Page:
New Pirate Bay Owners Hatch Plan to Go Legit
A new version of The Pirate Bay has big plans that include a somewhat secretive, yet supposedly innovative way to subsidize your file-sharing habits. Global Gaming Factory, The Pirate Bay's prospective new owner, is still being vague about specific plans, but the Gaming Factory's Chief Executive Officer Hans Pandeya has recruited Wayne Rosso of Grokster fame to help cut deals with record execs and other content producers on behalf of the new Pirate Bay. Rosso said Pandeya wasn't exactly clear at first what Gaming Factory's concept was, but now after "several long conversations" with Pandeya, Rosso calls the new Pirate Bay model ingenious. The former Grokster exec shared his thoughts in a blog post on The Music Void.
The Pirate Bay 2.0: Subsidized Downloads, Crowd-Sourced Cloud
Rosso describes the new Pirate Bay as a "resource-supported" model where royalty fees and other costs related to file sharing are subsidized by tying your PC's computing power into The Pirate Bay's network. "In short, the more computer resources the user contributes to The Pirate Bay, the more his content consumption is subsidized," Rosso wrote. The Pirate Bay will also charge a small mothly fee to its users; however, that fee can be reduced depending on how much of your own computing resources you contribute to The Pirate Bay.
The Pirate Bay would then use all that user-contributed computing power to develop a cloud network to compete directly with cloud services like Akamai and Amazon's Elastic Compute Cloud (EC2), according to a CNET report.
Without more specifics, it's hard to say what business model is really being hatched. But it sounds an awful lot like a plan hatched by the owners of the owners of Kazaa Media Desktop back in 2002. Like the owners of The Pirate Bay, the file-swapping service Kazaa was looking to play nice with Hollywood. In the end things didn't work out as well as Kazaa had hoped.
Rosso says he's been in London this week talking to "content providers and various major executives in the international music scene," such as Universal Music Group and industry trade groups. By Rosso's account, the execs he's talked to are interested in the Pirate Bay's new model, and want to help the Pirate Bay move forward with is plans and retain its substantial user base.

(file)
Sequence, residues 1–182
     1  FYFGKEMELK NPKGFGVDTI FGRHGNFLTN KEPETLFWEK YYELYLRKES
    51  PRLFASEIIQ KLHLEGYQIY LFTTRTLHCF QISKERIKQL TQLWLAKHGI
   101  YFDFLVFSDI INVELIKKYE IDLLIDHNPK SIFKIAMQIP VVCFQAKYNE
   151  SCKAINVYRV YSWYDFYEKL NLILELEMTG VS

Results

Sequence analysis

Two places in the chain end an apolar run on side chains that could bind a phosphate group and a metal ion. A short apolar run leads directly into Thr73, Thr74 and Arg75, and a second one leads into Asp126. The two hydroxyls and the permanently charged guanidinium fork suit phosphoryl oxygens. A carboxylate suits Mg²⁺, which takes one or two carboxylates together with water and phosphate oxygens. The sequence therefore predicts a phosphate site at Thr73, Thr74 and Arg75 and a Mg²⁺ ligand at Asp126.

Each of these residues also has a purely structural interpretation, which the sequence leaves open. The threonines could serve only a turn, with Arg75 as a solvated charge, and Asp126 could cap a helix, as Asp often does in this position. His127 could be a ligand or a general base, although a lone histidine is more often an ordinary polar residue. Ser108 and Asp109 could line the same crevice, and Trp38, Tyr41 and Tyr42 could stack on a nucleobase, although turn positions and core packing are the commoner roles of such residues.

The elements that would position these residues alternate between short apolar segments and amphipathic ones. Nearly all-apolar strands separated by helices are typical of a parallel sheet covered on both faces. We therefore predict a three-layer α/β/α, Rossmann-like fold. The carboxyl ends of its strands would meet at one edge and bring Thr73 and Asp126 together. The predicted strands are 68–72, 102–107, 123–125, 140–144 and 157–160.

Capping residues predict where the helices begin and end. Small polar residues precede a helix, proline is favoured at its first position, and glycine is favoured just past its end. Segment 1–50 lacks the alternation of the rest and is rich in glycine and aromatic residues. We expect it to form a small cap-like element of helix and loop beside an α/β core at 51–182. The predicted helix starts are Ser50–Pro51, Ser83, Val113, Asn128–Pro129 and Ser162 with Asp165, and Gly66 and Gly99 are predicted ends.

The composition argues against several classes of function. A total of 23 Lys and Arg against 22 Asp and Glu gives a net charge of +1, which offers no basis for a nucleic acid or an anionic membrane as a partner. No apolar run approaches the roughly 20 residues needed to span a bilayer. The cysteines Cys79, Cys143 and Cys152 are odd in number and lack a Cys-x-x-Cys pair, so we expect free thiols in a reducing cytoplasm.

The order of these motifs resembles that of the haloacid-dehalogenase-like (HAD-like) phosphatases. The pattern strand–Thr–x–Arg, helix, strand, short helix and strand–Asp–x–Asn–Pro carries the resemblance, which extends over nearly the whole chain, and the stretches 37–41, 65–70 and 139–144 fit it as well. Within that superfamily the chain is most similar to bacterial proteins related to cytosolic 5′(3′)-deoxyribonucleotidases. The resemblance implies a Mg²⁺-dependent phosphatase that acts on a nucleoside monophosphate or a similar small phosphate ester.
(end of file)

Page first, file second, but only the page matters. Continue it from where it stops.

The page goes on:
But Will it Work?
The enthusiasm of content producers sounds a little far-fetched to me. I suppose it's possible that recording companies are willing to cut any sort of deal to bring some revenue back to the industry. But what about the rest of the content users go to the Pirate Bay for? I'm not so sure film and television producers are excited about the prospect of handing over downloadable content to The Pirate Bay.
Just look at the protective nature of content on sites like Hulu and TV.com, where only a few episodes of popular television programs are available at any given time. Many video sites also have strict regional restrictions that lock out a good portion of the world from accessing content. But in a digital age where content is widely available -- if you know where to look for it -- users flock to the sites and distribution channels where they can get what they want, and regulations be damned.
Providing the content people want to users all over the world is the inherent problem the Pirate Bay 2.0 will have to deal with. I would suggest that it will be impossible for any file-sharing company to convince content producers to be more liberal with their distribution practices. The Pirate Bay 2.0 will make a valiant effort, but the site will need more than just a revolutionary way to legalize file-sharing -- it needs revolutionary content-licensing agreements recognizing the Internet's tendency toward free-flowing information.